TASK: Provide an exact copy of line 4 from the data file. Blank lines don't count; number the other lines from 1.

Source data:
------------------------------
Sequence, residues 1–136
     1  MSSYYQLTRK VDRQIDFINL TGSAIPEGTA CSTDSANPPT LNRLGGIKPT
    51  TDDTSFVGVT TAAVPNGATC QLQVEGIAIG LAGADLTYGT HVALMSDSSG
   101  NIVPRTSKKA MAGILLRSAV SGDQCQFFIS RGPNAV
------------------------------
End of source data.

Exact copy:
   101  NIVPRTSKKA MAGILLRSAV SGDQCQFFIS RGPNAV